Monday, July 18, 2011
Important case from Ontario Court of Appeal on Rent Deposits
I’ve just read a recent case, decided in July by the province’s highest court, the Ontario Court of Appeal. The decision reversed (or at least modified) the reasoning in an earlier decision of the Ontario Divisional Court which allowed a landlord to retain a last month’s rent deposit when a tenant refused to move in. I would suggest you read the decision.
In this case, the tenant’s rental application was approved, and a lease was signed. However six weeks before the commencement date, the tenant advised the landlord they would not be moving in. The landlord, foolishly in my opinion, stood firm and said that they were prepared to have the tenant move in. The landlord would have been better off getting the tenant to rescind the agreement in writing, and then trying to re-rent the unit.
ACTO disagreed with the ruling at Divisional Court and filed an appeal on behalf of the tenant. The decision of the Court of Appeal overturned the earlier decision of the LTB and the Divisional Court, based on the specific facts of the case. The Court of Appeal agreed with the Divisional Court in theory, in that a tenant does not have an automatic right to have the deposit refunded where the landlord has done everything required to give possession of the unit to the tenant, but the tenant unilaterally repudiates the agreement. However the Court of Appeal allowed the tenant’s appeal, and found that in this case, the landlord’s rental application was not clear about the disposition of the rent deposit if the tenant failed to move in, and also contained an illegal provision in stating that the deposit would be forfeited. As a last month’s rent deposit can only be used as rent for the last month of the tenancy, the forfeiture of the deposit would be illegal. A rent deposit can be applied….if it’s clear what it was meant to be, but it cannot be forfeited.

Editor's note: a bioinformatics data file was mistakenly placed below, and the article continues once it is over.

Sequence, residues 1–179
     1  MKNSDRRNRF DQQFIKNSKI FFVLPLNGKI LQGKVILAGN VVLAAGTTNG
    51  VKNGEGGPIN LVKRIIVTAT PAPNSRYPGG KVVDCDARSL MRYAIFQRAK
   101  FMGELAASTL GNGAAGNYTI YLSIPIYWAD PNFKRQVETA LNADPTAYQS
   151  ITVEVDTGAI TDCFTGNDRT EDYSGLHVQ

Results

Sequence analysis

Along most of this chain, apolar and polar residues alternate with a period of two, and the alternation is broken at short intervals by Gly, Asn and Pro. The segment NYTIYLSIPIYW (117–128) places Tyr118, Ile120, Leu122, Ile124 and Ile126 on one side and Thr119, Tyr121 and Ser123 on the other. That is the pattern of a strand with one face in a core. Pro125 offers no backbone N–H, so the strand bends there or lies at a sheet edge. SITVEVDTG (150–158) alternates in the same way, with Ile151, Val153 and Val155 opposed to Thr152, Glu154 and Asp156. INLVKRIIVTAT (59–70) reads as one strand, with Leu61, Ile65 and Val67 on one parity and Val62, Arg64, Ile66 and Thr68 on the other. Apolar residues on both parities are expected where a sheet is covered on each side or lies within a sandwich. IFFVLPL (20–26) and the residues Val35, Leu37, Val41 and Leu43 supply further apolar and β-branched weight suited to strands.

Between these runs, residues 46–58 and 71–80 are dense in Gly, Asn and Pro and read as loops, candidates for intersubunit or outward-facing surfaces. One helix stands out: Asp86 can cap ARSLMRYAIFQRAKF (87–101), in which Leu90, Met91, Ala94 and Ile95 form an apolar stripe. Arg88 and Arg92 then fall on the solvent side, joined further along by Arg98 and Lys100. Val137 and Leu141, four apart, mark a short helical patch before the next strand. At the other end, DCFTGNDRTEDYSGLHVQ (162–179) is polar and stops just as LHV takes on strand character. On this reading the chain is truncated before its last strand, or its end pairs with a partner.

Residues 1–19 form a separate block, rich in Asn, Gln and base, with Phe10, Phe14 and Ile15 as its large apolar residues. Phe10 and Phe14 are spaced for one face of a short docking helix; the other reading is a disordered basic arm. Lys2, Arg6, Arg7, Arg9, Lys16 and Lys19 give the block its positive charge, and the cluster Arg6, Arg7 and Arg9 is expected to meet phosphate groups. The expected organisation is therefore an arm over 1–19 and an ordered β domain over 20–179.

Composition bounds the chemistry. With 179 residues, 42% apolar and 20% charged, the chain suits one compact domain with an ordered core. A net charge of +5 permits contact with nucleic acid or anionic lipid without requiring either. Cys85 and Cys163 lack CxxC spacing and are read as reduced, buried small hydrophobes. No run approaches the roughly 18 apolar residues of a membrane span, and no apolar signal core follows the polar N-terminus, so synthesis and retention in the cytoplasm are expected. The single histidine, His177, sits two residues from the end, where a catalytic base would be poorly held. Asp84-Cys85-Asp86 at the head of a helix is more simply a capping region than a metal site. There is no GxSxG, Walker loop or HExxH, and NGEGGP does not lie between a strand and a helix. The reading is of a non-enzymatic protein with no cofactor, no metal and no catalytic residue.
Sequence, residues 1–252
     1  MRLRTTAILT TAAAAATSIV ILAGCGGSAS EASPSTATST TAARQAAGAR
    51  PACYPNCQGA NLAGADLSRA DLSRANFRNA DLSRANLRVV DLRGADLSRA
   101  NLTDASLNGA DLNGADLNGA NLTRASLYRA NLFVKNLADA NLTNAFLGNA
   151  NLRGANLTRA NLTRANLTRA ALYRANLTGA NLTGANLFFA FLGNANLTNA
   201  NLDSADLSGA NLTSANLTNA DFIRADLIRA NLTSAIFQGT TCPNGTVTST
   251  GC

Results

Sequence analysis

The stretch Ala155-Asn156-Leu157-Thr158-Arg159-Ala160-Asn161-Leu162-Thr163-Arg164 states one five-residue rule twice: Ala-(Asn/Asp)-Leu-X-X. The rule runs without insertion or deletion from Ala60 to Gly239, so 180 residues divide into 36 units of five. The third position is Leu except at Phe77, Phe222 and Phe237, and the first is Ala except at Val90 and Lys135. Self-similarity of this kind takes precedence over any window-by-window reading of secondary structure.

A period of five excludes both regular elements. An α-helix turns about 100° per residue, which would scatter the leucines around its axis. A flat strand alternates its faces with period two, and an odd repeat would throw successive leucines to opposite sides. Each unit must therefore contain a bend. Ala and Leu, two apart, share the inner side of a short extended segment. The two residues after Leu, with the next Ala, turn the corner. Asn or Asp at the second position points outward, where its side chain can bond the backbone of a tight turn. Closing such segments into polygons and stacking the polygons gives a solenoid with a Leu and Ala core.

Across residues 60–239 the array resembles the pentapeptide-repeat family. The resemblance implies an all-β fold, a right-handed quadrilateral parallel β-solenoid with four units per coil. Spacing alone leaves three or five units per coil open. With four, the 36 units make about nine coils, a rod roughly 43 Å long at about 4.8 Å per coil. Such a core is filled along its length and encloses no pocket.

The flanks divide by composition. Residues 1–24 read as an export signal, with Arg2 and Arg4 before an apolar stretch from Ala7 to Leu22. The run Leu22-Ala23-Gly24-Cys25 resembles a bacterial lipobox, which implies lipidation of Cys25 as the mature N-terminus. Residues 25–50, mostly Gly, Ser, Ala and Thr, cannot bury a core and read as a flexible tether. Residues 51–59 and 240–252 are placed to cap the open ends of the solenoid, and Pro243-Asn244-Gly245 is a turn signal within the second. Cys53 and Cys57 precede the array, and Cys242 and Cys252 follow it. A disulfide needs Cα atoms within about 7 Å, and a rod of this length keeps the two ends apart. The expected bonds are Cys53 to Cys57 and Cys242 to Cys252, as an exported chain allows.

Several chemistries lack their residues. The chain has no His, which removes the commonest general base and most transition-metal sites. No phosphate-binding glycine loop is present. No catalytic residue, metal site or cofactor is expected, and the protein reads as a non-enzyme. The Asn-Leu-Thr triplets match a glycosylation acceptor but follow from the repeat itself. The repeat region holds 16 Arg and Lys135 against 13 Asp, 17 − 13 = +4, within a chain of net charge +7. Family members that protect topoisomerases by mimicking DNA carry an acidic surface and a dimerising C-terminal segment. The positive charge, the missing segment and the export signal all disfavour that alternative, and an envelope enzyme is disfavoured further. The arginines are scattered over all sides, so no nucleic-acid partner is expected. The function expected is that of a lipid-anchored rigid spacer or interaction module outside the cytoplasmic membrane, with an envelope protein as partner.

The Court of Appeal agreed that if an application for tenancy is worded properly, the landlord should be able to retain a last month’s rent deposit if the tenant then fails to move in so long as they are not double-recovering. In other words, if the tenant gives the landlord lots of notice of their intention to not move in despite the approved application, the landlord must attempt to re-rent and would return the deposit if and only if they were able to re-rent without loss of income.
I’ve have a good rental application form at my online form that some of my clients use. I’ve made some changes to it in keeping with the decision. Use whatever application you wish, but be careful about wording related to the rent deposit. I’ve updated the section on the deposit to make it clear that if the tenant fails to sign a lease once the application is approved, or if the tenant refuses to move in once the application has been approved, that the landlord can retain the deposit and apply it as security against rent.. I’ve been careful to use wording to track the Court of Appeal decision so that the rent deposit can be retained as security against lost rent, even if the approved tenant does not sign a tenancy agreement.
It’s important to remember that when one party to an agreement breaches a term or condition, the other party has an obligation to mitigate, that is, to minimize their losses.